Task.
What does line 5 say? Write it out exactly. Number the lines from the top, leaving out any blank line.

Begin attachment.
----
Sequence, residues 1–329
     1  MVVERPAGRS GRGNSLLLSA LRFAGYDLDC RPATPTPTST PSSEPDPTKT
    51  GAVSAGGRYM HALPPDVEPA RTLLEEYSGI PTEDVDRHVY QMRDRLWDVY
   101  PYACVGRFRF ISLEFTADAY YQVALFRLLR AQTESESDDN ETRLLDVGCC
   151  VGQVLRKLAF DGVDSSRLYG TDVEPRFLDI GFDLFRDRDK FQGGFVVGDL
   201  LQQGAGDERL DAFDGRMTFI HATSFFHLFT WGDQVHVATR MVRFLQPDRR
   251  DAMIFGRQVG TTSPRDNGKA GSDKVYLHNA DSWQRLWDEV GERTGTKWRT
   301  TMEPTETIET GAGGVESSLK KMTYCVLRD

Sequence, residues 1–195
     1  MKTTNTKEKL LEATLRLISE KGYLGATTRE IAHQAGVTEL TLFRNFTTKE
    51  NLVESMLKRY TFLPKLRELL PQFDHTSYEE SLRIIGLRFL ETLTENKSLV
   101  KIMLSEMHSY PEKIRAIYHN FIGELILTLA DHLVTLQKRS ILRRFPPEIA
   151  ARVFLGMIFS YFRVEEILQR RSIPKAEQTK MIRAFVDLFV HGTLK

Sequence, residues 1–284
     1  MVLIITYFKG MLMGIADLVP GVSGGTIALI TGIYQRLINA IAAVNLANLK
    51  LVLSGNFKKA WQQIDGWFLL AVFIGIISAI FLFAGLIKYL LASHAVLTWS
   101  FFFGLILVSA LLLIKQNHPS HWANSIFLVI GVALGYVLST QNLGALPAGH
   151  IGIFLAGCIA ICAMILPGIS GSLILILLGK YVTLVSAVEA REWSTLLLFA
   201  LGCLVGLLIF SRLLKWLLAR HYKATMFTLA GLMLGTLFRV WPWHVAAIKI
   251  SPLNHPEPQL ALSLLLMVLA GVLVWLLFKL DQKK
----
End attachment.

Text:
   151  VGQVLRKLAF DGVDSSRLYG TDVEPRFLDI GFDLFRDRDK FQGGFVVGDL